The Staff of the SEC’s Division of Corporation Finance has been discussing the JOBS Act at recent conferences, including the Practising Law Institute’s 44th Annual Securities Regulation Institute in New York and the American Bar Association’s Business Law Section Fall Meeting in Washington, DC.  David Lynn was the moderator of a JOBS Act panel at the PLI Annual Securities Regulation Insitute and he was a panelist on a JOBS Act panel at the ABA Business Law Section Fall Meeting.

The Staff has indicated at these conferences that they are hard at work on the rulemaking projects mandated by the JOBS Act, which include the adoption of changes to Regulation D and Rule 144A pursuant to Title II, the crowdfunding exemption contemplated by Title III, the Regulation A+ exemption contemplated by Title IV, and particular rules regarding Exchange Act registration/deregistration requirements contemplated by Titles V and VI. As is always the case, the Staff spoke for themselves and the views they expressed did not represent the views of the Commission or other members of the Staff.

The Staff was unable to provide any precise commentary on the timing of JOBS Act rules. It appears unlikely that the SEC will meet the 270 day deadline imposed for the Title III crowdfunding exemption, although the Staff is continuing to work hard on formulating proposals for the Commission.  Based on the Staff’s comments, it may be very difficult for a Title III rule proposal to be issued between now and the end of 2012.  Practitioners on panels at both programs noted some of the significant headwinds that are present for implementing a workable crowdfunding exemption, particularly given the complexity of the statutory requirements, as well as some of the significant practical considerations for issuers who engage in exempt crowdfunding offerings.

With regard to the SEC’s proposal to amend Rule 506 and Rule 144A to remove the ban on general solicitation and advertising (provided that, in the case of Rule 506, the issuer takes reasonable steps to verify that all purchasers are accredited investors), the Staff acknowledged some of the comments which have been submitted calling on the Commission to, among other things, adopt the Dodd-Frank – mandated bad actor rules at the same time the changes to Rule 506 are adopted, impose restrictions on the form and content of general solicitation materials, and to establish a non-exclusive safe harbor with respect to the reasonable steps to verify requirement. The Staff emphasized that the Commission’s approach was to propose a framework that could be implemented quickly in accordance with the directive in the statute, and then the Commission and its Staff could monitor the use of the exemption to determine if further changes would be necessary at some point down the road.  While the Staff did not acknowledge the point, it may be the case that the extent and nature of the comments received on the Title II proposal may prevent the Commission from moving forward quickly to adopt workable amendments to Rule 506. No matter how the rule changes ultimately come out, the Staff indicated that a multi-Division team of Staffers will evaluate the market practices with regard to verification of accredited investor status and general solicitations.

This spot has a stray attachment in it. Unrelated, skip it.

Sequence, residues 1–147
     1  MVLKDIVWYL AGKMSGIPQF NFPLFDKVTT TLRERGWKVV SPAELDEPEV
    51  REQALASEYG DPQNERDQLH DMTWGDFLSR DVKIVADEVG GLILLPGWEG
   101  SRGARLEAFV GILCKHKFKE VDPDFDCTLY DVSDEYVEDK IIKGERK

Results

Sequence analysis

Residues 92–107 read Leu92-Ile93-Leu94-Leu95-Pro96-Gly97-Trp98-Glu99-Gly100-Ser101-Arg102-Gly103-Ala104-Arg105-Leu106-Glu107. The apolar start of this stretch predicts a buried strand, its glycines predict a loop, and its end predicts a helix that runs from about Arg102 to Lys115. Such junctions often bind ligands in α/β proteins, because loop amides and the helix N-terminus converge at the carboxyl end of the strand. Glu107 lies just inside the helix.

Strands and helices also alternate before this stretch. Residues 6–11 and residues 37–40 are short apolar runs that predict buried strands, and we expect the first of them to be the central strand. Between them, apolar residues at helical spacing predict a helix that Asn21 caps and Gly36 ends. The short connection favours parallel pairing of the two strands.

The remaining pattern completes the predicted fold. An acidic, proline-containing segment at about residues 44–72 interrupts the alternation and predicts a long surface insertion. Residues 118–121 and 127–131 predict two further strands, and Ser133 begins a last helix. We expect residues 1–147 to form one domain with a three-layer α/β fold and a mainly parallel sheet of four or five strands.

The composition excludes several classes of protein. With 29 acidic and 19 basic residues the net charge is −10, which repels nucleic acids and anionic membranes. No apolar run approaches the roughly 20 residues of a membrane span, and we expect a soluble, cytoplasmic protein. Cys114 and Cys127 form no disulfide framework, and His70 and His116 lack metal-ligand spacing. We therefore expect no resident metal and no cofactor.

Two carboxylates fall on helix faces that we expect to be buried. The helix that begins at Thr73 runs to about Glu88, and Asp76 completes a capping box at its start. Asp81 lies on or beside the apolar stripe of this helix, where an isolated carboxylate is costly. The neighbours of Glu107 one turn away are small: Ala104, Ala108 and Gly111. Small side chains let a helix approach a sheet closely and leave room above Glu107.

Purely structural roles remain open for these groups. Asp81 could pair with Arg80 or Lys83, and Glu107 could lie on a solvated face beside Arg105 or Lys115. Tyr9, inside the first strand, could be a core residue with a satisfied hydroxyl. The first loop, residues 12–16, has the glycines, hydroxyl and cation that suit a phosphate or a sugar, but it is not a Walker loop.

On the topic of Title IV implementation, the Staff has indicated that it is working on a term sheet for a Regulation A+ proposal, and is considering either leaving existing Regulation A intact and adopting a new Securities Act Section 3(b) exemption, or updating existing Regulation A to reflect the parameters contemplated by Title IV.  Efforts at the state level to create a streamlined process for dealing with Regulation A+ offerings were discussed, as well as the possibility for some exemption from Exchange Act registration in the context of a listed security sold pursuant to a Regulation A+ exemption.